3. Stop Forcing It
There was something icky about the way in which Peter Parker referred to Harry Osborn as his “best friend” at one point in The Amazing Spider-Man 2, because that just didn’t feel right at all, did it? After all, there had been no mention of such a friendship in The Amazing Spider-Man, nor had Peter ever brought up the fact that he had a best friend at any point before. It’s as if the writers thought they could get away with: “Oh, yeah, uh… these guys are best friends, by the way.”
And because of the pre-established connection between Peter and Harry that has been built into our subconscious through the Spider-Man mythos, we just sort of accepted it. The problem with this, however, is that – from a screenwriting perspective – it’s cheating and it’s lazy… do this too many times and you threaten to lose your audience’s trust. Sony need to steer well and truly clear of “forcing” the story into place, because it feels awkward and contrived. Just let it flow, guy!
2. Keep The World Consistent
When movie franchises switch directors between pictures, they often tend to feel a little “different,” which makes complete and utter sense, but the results can be a little jarring. Remember when Alfonso Cuaron took over from Chris Columbus for the third Harry Potter movie? It was the best movie by far, but the world in Cuaron’s movie felt different from the world established in the first two pictures – objects moved, locations differed, and the camerawork got a lot more innovative.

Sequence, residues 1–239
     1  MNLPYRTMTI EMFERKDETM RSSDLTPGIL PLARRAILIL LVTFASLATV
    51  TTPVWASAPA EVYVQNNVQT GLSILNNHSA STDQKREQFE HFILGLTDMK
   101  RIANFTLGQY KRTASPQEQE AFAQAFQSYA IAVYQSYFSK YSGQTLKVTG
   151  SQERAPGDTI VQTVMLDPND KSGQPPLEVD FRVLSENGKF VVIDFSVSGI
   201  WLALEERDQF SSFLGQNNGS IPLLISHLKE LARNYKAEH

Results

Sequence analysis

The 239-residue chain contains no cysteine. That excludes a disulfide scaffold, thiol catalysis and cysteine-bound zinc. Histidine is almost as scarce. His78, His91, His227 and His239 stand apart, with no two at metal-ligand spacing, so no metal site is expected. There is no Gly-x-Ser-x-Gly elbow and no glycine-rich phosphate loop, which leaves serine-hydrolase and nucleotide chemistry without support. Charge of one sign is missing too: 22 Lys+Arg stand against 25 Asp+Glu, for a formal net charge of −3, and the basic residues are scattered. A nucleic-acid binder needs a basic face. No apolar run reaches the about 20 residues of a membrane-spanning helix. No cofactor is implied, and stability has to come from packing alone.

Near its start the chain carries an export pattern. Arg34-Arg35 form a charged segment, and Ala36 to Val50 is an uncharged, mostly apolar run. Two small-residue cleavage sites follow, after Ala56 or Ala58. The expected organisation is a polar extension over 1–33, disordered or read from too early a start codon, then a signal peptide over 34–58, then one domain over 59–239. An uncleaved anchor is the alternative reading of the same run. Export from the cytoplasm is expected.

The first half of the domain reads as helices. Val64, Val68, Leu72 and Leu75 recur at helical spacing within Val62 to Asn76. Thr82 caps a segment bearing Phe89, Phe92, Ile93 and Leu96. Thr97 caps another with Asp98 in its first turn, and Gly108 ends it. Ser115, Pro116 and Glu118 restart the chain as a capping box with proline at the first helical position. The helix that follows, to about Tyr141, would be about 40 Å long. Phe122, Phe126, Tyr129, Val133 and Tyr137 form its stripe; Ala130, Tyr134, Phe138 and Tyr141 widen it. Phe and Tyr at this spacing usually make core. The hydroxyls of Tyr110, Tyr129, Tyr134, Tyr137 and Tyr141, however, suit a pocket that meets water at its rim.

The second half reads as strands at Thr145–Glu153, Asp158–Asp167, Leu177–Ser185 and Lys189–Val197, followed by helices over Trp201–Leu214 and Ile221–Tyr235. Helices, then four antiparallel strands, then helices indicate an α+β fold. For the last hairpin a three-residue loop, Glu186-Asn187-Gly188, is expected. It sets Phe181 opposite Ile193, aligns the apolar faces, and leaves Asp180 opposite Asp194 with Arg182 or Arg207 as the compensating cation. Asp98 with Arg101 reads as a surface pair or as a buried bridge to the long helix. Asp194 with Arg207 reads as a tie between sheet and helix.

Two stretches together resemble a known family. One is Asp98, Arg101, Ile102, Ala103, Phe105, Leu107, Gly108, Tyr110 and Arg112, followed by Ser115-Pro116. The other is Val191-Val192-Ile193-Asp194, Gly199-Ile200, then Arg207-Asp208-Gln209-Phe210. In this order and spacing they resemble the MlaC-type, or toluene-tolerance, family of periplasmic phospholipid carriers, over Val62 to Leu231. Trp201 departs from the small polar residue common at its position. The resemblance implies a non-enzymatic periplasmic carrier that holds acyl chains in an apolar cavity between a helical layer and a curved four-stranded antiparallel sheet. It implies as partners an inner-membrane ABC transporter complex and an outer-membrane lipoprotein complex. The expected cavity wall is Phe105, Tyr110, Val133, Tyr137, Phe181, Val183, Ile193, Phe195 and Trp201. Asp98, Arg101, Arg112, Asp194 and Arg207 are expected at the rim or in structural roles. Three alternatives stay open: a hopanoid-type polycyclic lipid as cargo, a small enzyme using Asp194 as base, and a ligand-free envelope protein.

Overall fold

These sorts of problem shouldn’t occur, however, when two movies in a given franchise are directed by the same person. In this case, Marc Webb has helmed both The Amazing Spider-Man and its sequel, The Amazing Spider-Man 2, and guess what? He’s in line to direct the third installment, too. And yet both movies so far feel completely different from one another: the first felt more grounded in reality, whereas the sequel was too heightened, too comic-y. A balance is needed!
1. Let Marc Webb & The Writers Have More Control
Given the mixed to poor reviews that met The Amazing Spider-Man 2 upon its release, the general consensus seems to be: “it’s the studio’s fault.” At least, according to Andrew Garfield anyway, who recently revealed in an interview that studio interference caused a lot of issues. Of the movie, Garfield said:
“For me, I read the script that Alex [Kurtzman] and Bob [Orci] wrote, and I genuinely loved it. There was this thread running through it. I think what happened was, through the pre-production, production, and post-production, when you have something that works as a whole, and then you start removing portions of it—because there was even more of it than was in the final cut, and everything was related. Once you start removing things and saying, ‘No, that doesn’t work,’ then the thread is broken, and it’s hard to go with the flow of the story. Certain people at the studio had problems with certain parts of it, and ultimately the studio is the final say in those movies because they’re the tentpoles, so you have to answer to those people.”
I'm not saying that the Amazing Spiderman 2 sucks or its the worst movie ever,I'm just saying that Sony and the rest of the studios should reconsider these things that I've mentioned above.The director and the actors are doing just a great job,except maybe for the studios.
For the next movie, then, we need the studio to have better faith in the people it chooses to make it, instead of just picking at the bits and pieces that they want and hoping that whatever they’ve selected just comes together as a fluid whole. The Amazing Spider-Man 2 is the proof that such an approach doesn’t work (and so was Spider-Man 3, in fact) – Marc Webb needs is able to lead the movie, and the studio need to learn that the less involved they are, the better the final product will probably be.